Man, I love this. I found these at The Two of Us.

Also, please note that the problem with the second one isn’t the kangaroo in the house, nor the cigarette in its mouth, nor the over-sized stubby, nor the fact that a child has it, nor the fact that he’s drinking beer with a straw (I saw somebody do that in a pub yesterday).

The reason it’s wrong is that no-one in Australia drinks Fosters.


New Template

Woohoo! I'm so happy with my new template!

Don't you just love it? All the little pictures are so awesome. Look closely at them - there are typical Aussie things in each of them.

Thank you so very much to Zoe at Chic and Sassy Designs who made this template. I could not be happier.


The End of the World (NSFW)

Aussies will be the last ones left.

New Template Coming

Soon I will have a fabulous new *custom* shiny template for this blog from Chic & Sassy Designs. She sent me an image of the header to give my opinion on yesterday and I'm so excited! It's going to look uber-awesome.

My wonderful friend Dorothy is getting me the template as an early Christmas present. Isn't she sweet?

Now I just have to keep holding on a little bit longer... Patience. Patience...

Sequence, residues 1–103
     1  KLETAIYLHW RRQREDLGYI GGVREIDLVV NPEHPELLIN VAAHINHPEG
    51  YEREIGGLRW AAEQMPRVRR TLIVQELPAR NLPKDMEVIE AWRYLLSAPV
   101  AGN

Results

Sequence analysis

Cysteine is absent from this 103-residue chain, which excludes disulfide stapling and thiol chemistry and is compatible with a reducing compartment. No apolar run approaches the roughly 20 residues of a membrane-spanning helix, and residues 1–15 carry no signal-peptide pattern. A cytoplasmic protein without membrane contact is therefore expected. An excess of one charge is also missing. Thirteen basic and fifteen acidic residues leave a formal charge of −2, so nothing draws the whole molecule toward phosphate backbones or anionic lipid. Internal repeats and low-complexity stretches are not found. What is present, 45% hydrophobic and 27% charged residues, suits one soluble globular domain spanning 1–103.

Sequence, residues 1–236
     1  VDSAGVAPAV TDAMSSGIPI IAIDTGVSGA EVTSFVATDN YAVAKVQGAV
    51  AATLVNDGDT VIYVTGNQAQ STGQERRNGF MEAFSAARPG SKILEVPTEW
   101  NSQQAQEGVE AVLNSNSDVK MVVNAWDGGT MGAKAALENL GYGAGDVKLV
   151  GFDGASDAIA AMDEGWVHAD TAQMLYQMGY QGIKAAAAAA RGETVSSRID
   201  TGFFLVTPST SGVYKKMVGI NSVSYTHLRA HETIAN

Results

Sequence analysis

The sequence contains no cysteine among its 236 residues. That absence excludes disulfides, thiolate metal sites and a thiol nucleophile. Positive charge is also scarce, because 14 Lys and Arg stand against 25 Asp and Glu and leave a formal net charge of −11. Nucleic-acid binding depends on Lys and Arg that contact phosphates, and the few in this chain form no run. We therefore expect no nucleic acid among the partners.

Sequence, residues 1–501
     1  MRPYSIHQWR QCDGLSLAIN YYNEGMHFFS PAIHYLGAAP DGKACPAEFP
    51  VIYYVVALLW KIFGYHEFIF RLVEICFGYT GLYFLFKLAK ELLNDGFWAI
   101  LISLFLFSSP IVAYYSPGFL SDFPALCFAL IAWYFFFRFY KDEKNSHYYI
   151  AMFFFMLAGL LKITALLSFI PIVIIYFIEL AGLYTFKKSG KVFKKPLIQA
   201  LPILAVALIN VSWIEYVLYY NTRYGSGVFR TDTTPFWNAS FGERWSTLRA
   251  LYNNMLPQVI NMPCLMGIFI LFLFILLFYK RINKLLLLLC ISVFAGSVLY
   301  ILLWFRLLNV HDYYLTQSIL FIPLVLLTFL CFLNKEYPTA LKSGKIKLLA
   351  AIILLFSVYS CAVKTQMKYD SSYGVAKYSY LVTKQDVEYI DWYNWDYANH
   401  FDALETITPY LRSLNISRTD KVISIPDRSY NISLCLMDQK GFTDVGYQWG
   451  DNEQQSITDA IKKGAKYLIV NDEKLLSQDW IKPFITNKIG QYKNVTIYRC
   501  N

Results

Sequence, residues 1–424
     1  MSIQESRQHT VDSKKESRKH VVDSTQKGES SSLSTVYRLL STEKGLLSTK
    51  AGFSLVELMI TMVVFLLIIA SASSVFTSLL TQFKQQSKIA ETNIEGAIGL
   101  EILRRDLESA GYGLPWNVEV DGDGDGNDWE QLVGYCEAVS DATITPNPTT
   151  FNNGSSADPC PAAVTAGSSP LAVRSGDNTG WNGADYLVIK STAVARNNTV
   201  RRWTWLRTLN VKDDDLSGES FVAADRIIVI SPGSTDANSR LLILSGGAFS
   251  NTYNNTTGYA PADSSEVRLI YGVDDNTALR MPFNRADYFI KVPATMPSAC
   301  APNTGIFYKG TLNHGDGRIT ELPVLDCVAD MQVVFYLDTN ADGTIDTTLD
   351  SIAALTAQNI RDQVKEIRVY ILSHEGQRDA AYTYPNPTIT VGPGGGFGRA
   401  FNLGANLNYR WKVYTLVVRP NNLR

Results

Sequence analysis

Why, Australia? Why?!

I honestly think Australia should be the death point for McDonalds. Australia should be the place where McDonalds simply cannot thrive because nobody eats there.

And yet, despite my most fervent wishes, I still see McDonalds everywhere with long lines consisting of people of various ages (and waistlines, I must add).

Wake up Australia!

I was a McDonald's child – it's true. What's cheap and easy is what's done in the family with a lot of kids and not a lot of money. (My mother raise my aunt's children, too, so there were six of us.) But we didn't have a lot of options, which isn't the case for city-bound Aussies. Or any Aussies for that matter. If you're not in the city and drive to McDonalds then you can just as easily drive somewhere else.